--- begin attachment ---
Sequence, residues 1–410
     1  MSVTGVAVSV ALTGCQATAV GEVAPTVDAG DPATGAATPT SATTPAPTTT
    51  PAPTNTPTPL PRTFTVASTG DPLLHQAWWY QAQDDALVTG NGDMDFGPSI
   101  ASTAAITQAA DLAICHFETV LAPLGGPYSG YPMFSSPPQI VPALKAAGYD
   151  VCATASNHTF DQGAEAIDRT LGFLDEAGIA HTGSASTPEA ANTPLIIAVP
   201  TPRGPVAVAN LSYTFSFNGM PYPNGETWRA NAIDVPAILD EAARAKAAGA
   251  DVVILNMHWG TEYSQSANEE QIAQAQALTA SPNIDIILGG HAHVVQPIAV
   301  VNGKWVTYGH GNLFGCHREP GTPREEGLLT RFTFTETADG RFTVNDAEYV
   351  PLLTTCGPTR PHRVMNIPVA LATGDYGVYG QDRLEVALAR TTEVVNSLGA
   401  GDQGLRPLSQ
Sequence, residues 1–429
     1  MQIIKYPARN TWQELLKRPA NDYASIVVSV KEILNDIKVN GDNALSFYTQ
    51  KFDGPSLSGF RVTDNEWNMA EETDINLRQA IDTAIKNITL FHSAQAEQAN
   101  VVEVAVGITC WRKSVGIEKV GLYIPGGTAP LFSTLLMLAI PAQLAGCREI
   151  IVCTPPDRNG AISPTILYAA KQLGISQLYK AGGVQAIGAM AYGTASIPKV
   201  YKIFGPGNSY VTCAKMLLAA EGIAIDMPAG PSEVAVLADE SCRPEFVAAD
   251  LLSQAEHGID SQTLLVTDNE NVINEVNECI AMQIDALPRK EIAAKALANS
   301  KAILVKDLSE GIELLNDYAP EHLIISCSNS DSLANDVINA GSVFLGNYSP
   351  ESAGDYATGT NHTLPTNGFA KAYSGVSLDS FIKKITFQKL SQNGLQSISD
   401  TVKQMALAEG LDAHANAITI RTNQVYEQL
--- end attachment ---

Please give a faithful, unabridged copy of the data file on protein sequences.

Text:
Sequence, residues 1–410
     1  MSVTGVAVSV ALTGCQATAV GEVAPTVDAG DPATGAATPT SATTPAPTTT
    51  PAPTNTPTPL PRTFTVASTG DPLLHQAWWY QAQDDALVTG NGDMDFGPSI
   101  ASTAAITQAA DLAICHFETV LAPLGGPYSG YPMFSSPPQI VPALKAAGYD
   151  VCATASNHTF DQGAEAIDRT LGFLDEAGIA HTGSASTPEA ANTPLIIAVP
   201  TPRGPVAVAN LSYTFSFNGM PYPNGETWRA NAIDVPAILD EAARAKAAGA
   251  DVVILNMHWG TEYSQSANEE QIAQAQALTA SPNIDIILGG HAHVVQPIAV
   301  VNGKWVTYGH GNLFGCHREP GTPREEGLLT RFTFTETADG RFTVNDAEYV
   351  PLLTTCGPTR PHRVMNIPVA LATGDYGVYG QDRLEVALAR TTEVVNSLGA
   401  GDQGLRPLSQ
Sequence, residues 1–429
     1  MQIIKYPARN TWQELLKRPA NDYASIVVSV KEILNDIKVN GDNALSFYTQ
    51  KFDGPSLSGF RVTDNEWNMA EETDINLRQA IDTAIKNITL FHSAQAEQAN
   101  VVEVAVGITC WRKSVGIEKV GLYIPGGTAP LFSTLLMLAI PAQLAGCREI
   151  IVCTPPDRNG AISPTILYAA KQLGISQLYK AGGVQAIGAM AYGTASIPKV
   201  YKIFGPGNSY VTCAKMLLAA EGIAIDMPAG PSEVAVLADE SCRPEFVAAD
   251  LLSQAEHGID SQTLLVTDNE NVINEVNECI AMQIDALPRK EIAAKALANS
   301  KAILVKDLSE GIELLNDYAP EHLIISCSNS DSLANDVINA GSVFLGNYSP
   351  ESAGDYATGT NHTLPTNGFA KAYSGVSLDS FIKKITFQKL SQNGLQSISD
   401  TVKQMALAEG LDAHANAITI RTNQVYEQL